Toy Diver Manufacturing Report

Tammy Dvir | Sarah Habib | Cecily Sunday
  1. Concepts

  2. Final Toy Concept

    Initial Toy Concept

    The preliminary concept can be found here.
  3. CAD Drawing

  1. Manufacturing

  1. Assembly

  2. Body Assembly

    The first step in assembling the body of the diver is to glue together appropriate sections. This involves attaching the two body pieces and the two lower arm pieces with super glue. After sticking the pieces together, the glue allows for virtually no adjustment time. With this in mind, we recommend developing some form of a guidance system before super gluing plastic pieces together. To assemble the Diver, we used the pin holes in each part as a reference to help align the pieces. Next, we attach the Diver's limbs to her body using spring pins with a diameter of 3/32nds and a length of 7/16ths. Spring pins resemble a hollow tube with a small section removed from its diameter. This allows the pin to be compressed as it is inserted into a hole and expand back once it is placed to ensure a tight fit. Unfortunately, the pins did not hold the Diver's limbs on to her body tight enough to keep them from falling off upon impact. To compensate for this failure, we inserted a piece of a paper clip into the center of each pin and bent its ends along the surface of the Diver's body. This adjustment successfully secures the Diver's joints while leaving her free to pivot about the pins.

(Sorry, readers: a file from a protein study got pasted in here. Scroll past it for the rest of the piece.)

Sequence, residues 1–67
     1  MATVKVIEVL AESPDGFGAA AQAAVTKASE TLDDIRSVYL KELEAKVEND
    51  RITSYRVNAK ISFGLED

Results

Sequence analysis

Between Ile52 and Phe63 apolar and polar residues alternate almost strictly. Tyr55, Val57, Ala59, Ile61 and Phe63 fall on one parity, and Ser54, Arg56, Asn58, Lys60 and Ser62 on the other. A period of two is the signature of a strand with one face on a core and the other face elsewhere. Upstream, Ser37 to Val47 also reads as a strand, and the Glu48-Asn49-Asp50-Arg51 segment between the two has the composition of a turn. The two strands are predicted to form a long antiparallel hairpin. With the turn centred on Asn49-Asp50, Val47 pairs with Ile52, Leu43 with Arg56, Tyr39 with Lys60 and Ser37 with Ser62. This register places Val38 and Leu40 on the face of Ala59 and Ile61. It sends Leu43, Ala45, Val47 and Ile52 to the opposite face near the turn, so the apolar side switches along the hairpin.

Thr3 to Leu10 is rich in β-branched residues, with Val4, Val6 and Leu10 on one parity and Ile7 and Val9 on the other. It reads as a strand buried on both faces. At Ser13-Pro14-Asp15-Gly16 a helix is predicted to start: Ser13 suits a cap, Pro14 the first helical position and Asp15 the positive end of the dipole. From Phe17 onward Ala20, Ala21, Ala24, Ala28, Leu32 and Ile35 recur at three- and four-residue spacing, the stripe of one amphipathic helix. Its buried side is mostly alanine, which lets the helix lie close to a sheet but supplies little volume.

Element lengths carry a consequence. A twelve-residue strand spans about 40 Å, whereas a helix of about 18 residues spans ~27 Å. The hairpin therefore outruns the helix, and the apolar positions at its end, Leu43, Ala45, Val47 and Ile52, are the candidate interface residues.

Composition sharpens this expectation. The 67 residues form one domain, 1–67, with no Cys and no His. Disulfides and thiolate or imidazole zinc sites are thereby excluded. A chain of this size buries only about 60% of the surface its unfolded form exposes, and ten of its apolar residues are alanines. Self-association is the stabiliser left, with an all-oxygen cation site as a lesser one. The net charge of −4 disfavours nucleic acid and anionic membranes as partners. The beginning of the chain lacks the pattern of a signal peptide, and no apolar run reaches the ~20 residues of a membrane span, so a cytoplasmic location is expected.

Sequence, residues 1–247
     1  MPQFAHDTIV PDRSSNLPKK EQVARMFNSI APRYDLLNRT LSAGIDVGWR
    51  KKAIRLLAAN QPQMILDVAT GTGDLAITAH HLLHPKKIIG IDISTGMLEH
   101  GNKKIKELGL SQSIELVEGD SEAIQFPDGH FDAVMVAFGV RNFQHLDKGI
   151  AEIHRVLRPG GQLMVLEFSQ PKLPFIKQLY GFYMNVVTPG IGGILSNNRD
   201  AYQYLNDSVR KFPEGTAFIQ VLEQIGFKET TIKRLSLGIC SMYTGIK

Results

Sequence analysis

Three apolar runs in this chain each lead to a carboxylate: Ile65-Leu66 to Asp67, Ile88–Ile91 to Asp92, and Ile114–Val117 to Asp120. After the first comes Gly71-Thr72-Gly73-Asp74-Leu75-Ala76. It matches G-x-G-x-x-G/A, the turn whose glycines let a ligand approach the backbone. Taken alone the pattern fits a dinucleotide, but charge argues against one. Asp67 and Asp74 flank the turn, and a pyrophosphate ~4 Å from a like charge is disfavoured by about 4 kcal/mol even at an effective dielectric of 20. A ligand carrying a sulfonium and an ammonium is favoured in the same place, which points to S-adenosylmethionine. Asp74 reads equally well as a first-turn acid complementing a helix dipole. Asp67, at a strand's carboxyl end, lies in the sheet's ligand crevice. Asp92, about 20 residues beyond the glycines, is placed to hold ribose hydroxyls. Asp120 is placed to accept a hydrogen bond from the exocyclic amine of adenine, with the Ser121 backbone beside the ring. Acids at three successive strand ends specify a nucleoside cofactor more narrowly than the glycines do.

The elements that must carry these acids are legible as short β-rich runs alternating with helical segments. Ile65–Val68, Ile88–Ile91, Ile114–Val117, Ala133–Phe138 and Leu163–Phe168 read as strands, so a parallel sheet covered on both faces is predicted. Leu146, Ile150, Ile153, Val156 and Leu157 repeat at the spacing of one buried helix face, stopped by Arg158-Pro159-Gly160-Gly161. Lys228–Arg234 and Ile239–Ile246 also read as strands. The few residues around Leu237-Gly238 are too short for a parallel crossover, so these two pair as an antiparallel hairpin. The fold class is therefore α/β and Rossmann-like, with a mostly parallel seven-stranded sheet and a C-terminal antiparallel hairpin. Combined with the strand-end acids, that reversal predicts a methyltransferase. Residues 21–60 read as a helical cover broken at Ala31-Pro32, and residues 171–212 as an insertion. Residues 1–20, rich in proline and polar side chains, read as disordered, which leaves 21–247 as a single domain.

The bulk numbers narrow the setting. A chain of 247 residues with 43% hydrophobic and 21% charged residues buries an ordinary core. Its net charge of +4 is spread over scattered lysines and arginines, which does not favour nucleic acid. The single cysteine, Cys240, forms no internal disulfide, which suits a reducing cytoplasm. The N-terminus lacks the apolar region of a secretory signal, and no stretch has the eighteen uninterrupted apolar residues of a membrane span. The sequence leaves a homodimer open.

Base Assembly

    Assembling the lower portion of the toy involves attaching the base piece to the cap with five springs. The springs we purchased have a diameter of 7/32nds and are approximately .75 inches long. Both the cap and the base have five evenly-spaced raised cylinders on their flat parameter. The springs fit snuggly on the ends of these cylinders and keep the base and cap attached with no further assistance. One of two problems we encountered while working with springs is that springs need a guidance system to ensure that they compress properly. Otherwise, the spring may twist or bend unexpectedly when a force is applied to it. Taking this into consideration, we designed a cylindrical guidance system into the base and cap before we machined our parts. However, this method only fixes unexpected bending, not twisting. Either designing a cross-shaped guidance system or placing each spring inside its own cylinder could possibly have fixed both unwanted motions. A second problem that we encountered while working with springs was finding springs of an appropriate size and spring constant to perform the job that we expected. The springs that we purchased require too high of a compression force and cannot be used in a kid's toy.